Historical metallic tie-rods have a very important structural role in buildings characterized by arches and vaults because they balance the horizontal thrusts, avoiding the overturning of vertical supports. Nowadays, no information can be found in the literature about the non-destructive detection of possible defects in historical tie-rods and their effects on the in-service structural integrity. On the other hand, many Non-Destructive Techniques are commonly used to inspect modern metallic components and structures, but their viability for cultural heritage is still to be assessed. In this paper, the application of eddy current testing to the historical metallic tie-rods of the Milan cathedral (Italy) is evaluated, discussed and adapted. The considered historical structures are characterized by a very heterogeneous material, irregular surface geometry and high inherent defectiveness. Recently, in-service failures showed the most detrimental flaws in tie-rods consist of handmade straight scarf forged welds. A first experimental eddy current testing approach, based on off-the-shelf high and low frequency probes, was performed. Results were partially unsatisfactory and showed the challenge is not the maximization of sensitivity and spatial resolution, as in typical modern applications, but their suitable minimization. Consequently, a customized eddy current testing technique, based on a novel low frequency probe, was designed and optimized. Its performance was evaluated by numerical simulations as well as by experimental testing. Based on the satisfactory achievements, the customized eddy current testing technique was applied on site on seven tie-rods. The most significant discontinuities could be effectively detected.

A feasibility analysis on the application of eddy current testing to the detection of the most detrimental defects in historical metallic tie-rods

Bellanova, Mariagrazia;Carboni, Michele;Felicetti, Roberto
2019

Abstract

Historical metallic tie-rods have a very important structural role in buildings characterized by arches and vaults because they balance the horizontal thrusts, avoiding the overturning of vertical supports. Nowadays, no information can be found in the literature about the non-destructive detection of possible defects in historical tie-rods and their effects on the in-service structural integrity. On the other hand, many Non-Destructive Techniques are commonly used to inspect modern metallic components and structures, but their viability for cultural heritage is still to be assessed. In this paper, the application of eddy current testing to the historical metallic tie-rods of the Milan cathedral (Italy) is evaluated, discussed and adapted. The considered historical structures are characterized by a very heterogeneous material, irregular surface geometry and high inherent defectiveness. Recently, in-service failures showed the most detrimental flaws in tie-rods consist of handmade straight scarf forged welds. A first experimental eddy current testing approach, based on off-the-shelf high and low frequency probes, was performed. Results were partially unsatisfactory and showed the challenge is not the maximization of sensitivity and spatial resolution, as in typical modern applications, but their suitable minimization. Consequently, a customized eddy current testing technique, based on a novel low frequency probe, was designed and optimized. Its performance was evaluated by numerical simulations as well as by experimental testing. Based on the satisfactory achievements, the customized eddy current testing technique was applied on site on seven tie-rods. The most significant discontinuities could be effectively detected.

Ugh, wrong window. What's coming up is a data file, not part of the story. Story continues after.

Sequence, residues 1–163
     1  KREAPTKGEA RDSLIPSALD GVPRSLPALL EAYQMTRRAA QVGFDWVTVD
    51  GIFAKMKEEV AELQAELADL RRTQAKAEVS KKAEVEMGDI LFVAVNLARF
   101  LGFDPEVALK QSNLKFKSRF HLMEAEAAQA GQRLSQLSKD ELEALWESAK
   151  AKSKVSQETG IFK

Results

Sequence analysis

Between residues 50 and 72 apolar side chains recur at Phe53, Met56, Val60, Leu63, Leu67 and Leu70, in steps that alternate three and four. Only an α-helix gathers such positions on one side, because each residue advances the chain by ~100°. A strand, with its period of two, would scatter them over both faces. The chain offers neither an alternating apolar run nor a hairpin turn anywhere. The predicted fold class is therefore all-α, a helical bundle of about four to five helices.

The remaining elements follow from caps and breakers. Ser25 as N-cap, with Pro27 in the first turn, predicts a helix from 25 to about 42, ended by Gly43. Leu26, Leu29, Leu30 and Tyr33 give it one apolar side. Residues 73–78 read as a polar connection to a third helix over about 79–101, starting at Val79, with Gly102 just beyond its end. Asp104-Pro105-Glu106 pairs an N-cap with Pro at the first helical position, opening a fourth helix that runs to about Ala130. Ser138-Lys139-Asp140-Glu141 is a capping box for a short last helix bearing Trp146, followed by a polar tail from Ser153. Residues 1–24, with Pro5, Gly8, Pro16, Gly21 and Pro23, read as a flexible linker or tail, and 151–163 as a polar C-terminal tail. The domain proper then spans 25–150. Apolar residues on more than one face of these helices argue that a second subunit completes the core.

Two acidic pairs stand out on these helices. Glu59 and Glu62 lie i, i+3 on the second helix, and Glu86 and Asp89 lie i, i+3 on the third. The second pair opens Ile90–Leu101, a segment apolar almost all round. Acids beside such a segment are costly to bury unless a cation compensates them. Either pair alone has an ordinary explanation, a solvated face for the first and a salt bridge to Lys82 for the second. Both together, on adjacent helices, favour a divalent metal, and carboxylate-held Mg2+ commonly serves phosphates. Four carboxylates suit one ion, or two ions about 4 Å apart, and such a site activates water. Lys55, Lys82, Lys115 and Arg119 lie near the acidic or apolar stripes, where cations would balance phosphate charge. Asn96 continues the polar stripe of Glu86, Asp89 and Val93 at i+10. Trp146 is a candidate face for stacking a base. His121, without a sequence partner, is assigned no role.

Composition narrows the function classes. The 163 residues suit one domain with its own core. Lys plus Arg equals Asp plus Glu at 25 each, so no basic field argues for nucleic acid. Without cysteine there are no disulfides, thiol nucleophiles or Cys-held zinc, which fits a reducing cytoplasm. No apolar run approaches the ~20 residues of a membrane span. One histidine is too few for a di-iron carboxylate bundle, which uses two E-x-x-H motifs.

Eddy current testing; Historical metallic tie-rod; Structural defects; Wrought iron; Materials Science (all); Condensed Matter Physics; Mechanical Engineering
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Utilizza questo identificativo per citare o creare un link a questo documento: https://hdl.handle.net/11311/1084856
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